Skip to main content

Who is Listening?

Every two weeks, a small group of us who are older seminarians (second career or third, fourth whatever) get together for lunch on Friday at one of the local restaurants (that has good food cheap). We did this yesterday, much to my husband's delight since the refectory was serving fish and chips for lunch and Ray is not a fish aficionado.

We had been there a while eating and talking. Each of us was quite relaxed because although there was lots to be done this weekend for teaching parish and classes, we were finished with classes for the week and could let our hair down. Friday after classes is sacrosanct for this group. We do not do schoolwork on Fridays after class. That's what Saturday is for! After a while, a gentleman approached us and asked if he had heard correctly that we are involved with church and faith. We responded in the affirmative. He proceeded to ask prayer for someone he knew of that just had a baby and was in critical condition. We assured him she would be added to the prayer list and we would pray. Then he left and returned to the group he was with at his table.

We never know who is watching or listening to us, even in what we consider our time off or down time. In connection with this, I've been preparing to preach on Palm/Passion Sunday from Isaiah.

We need to be available to listen to God. But the flip side of the coin is we do not always know who or where someone may be listening to us. It might be in the most unexpected places. You never know where God may be at work.


flickr picture

Comments

Popular posts from this blog

If and If and If

This is the sermon I preached on Sunday, 10/1/17 at St. Timothy Lutheran Church and St. Mark Lutheran Church. The scripture text is Philippians 2:1-13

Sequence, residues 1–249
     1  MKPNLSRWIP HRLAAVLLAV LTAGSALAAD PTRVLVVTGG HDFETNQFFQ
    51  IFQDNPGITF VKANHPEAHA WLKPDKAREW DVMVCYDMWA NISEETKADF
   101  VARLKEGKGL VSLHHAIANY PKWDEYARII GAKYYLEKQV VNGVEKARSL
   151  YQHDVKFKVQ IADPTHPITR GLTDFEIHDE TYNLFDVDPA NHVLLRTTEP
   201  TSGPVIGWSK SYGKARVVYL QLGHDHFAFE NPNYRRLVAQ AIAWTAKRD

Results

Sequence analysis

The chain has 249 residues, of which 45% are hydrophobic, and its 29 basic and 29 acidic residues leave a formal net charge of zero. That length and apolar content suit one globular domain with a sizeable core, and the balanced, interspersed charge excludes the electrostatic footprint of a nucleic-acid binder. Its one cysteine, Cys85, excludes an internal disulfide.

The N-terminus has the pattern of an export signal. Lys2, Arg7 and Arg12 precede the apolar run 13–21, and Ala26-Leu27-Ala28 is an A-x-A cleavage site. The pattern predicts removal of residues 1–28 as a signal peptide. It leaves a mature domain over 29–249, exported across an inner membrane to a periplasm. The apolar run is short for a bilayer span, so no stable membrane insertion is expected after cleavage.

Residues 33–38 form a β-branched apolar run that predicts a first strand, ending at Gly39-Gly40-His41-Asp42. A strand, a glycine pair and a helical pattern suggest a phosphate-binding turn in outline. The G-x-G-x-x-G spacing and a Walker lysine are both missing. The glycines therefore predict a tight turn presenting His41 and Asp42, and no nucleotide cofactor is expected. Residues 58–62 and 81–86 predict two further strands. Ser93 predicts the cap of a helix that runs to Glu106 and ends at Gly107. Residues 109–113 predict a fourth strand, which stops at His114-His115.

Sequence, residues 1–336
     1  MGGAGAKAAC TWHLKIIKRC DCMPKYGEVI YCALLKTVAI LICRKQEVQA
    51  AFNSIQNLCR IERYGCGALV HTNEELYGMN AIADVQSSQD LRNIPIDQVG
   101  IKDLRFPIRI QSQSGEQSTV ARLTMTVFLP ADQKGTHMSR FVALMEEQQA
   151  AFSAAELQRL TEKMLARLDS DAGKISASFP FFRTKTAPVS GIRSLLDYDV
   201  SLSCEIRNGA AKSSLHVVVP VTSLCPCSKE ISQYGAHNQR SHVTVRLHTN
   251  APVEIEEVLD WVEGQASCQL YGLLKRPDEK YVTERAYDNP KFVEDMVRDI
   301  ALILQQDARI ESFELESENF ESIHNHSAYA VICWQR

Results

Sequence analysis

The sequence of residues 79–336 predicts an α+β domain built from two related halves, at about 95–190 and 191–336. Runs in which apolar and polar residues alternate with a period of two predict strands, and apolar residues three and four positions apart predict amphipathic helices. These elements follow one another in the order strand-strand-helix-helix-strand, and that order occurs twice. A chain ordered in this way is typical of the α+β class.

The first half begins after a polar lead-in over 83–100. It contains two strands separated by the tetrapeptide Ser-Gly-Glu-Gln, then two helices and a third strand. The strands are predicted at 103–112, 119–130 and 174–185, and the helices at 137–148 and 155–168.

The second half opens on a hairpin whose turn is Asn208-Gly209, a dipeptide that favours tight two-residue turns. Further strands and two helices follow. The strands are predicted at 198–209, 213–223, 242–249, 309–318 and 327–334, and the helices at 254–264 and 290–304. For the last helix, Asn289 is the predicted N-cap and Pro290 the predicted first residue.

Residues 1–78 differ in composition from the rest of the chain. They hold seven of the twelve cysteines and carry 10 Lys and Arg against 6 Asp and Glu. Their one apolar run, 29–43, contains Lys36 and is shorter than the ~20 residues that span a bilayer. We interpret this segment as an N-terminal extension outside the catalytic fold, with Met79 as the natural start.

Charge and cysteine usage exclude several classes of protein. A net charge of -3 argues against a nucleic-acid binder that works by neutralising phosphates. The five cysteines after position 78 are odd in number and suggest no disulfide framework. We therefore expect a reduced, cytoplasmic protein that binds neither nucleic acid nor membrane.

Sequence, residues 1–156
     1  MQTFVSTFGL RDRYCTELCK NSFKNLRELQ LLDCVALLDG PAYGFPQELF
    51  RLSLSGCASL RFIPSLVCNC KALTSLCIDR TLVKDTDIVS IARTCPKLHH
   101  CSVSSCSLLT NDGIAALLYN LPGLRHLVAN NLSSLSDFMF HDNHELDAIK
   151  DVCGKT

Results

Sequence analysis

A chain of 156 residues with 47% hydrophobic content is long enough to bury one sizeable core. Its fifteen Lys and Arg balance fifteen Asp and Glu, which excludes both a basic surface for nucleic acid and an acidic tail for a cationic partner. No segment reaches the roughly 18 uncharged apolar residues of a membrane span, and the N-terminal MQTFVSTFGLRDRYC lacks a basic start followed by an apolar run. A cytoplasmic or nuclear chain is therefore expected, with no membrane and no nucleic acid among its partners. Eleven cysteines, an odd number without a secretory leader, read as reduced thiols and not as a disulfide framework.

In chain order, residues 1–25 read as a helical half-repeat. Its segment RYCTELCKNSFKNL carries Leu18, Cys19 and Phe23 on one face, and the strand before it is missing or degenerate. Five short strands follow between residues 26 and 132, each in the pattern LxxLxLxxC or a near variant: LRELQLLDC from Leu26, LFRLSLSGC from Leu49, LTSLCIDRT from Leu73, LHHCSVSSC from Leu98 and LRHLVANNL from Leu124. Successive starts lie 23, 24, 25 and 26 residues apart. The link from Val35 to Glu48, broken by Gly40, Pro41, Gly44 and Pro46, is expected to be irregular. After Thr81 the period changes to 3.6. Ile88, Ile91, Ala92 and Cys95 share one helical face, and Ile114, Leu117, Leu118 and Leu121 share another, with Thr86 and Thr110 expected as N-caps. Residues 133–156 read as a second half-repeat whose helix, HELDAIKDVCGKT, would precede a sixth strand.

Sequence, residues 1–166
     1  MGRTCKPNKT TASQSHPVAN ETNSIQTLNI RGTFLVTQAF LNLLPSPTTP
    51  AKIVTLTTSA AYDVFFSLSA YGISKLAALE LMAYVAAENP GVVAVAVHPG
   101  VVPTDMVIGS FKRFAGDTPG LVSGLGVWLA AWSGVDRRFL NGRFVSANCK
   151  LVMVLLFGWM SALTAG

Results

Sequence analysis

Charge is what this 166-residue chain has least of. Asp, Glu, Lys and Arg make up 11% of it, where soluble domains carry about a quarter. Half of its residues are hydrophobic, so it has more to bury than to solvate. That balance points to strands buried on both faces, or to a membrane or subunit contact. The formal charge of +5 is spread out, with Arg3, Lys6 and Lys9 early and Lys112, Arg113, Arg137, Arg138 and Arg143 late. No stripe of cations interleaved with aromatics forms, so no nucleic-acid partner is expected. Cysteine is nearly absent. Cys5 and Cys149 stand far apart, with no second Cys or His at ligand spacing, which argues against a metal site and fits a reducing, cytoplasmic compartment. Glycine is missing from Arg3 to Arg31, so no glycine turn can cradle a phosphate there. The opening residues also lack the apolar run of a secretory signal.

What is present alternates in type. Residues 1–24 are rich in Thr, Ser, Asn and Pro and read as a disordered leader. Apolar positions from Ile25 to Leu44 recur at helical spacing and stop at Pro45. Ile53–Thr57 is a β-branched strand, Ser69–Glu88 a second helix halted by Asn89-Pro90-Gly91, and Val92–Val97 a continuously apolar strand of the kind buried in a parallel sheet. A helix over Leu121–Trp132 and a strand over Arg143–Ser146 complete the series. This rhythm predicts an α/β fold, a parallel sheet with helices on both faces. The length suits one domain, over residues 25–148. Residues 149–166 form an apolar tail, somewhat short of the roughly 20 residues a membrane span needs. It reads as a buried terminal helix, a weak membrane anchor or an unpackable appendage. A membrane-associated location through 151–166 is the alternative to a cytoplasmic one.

Paul’s letter to the Philippians is one of my favorites. It is full of positive, uplifting theology, like “RejoiceintheLordalways; again I will say, Rejoice (Phil. 4:4 ). It’s a feel-good kind of letter. Today’s passage from Philippians is chock full of great stuff and I could get at least 10 sermons out of

I'm Back & Giving Thanks

Sunday, 9/17, was my first Sunday back in the pulpit after 7 months. I am not completely healed from February's back surgery, but am mostly there. The doctor is letting me work only part time until our next visit. This is the sermon from Sunday, 9/17, preached at St. Timothy Lutheran Church and St. Mark Lutheran Church.  based on Psalm 103 1:-13.
When I read today’s lessons, I couldn’t take my eyes of of Psalm 103. This psalm is an individual psalm of one who was struggling in a desperate situation, who called out to God and God delivered him.This is my story too.
As most of you know, I had back surgery in Feb. and I too, received God’s deliverance. Following the back surgery, I contracted an Ecoli infection that nearly killed me. I am here today to declare with the psalmist: “Bless the Lord, O my soul, and all that is within me, bless his holy name. Bless the Lord, O my soul, and do not forget all his benefits…”
The odd thing about this psalm is that it isn’t a prayer. It is not ad…

Flying Rebukes

This is the sermon I preached on Sunday, 2/25/18 at St. Timothy. Lutheran Church. The text was Mark 8:31-38. 


Immediately before today’s gospel reading, Jesus had asked his disciples who people say that he is. This is where the light went on for Peter and he made the confession, “You are the Messiah” (Mark 8:29). Peter certainly gave the right answer and was likely thinking of the attributes given to whoever would be the Messiah. The Messiah, people thought, would deliver them from the crushing rule of the Romans. The Messiah would fight their enemies. Basically, the Messiah was a strong king-like figure.
But, now Jesus fleshes out for Peter and others what that is going to look like. They were completely unprepared for the reality.
“Jesus began to teach them” (v. 31). Hadn’t he been teaching the disciples all along? Maybe, but this was different. This wasn’t teaching about miracles and healing. This is the turning point in Mark’s gospel, marking a new beginning.
“Jesus began to teach the…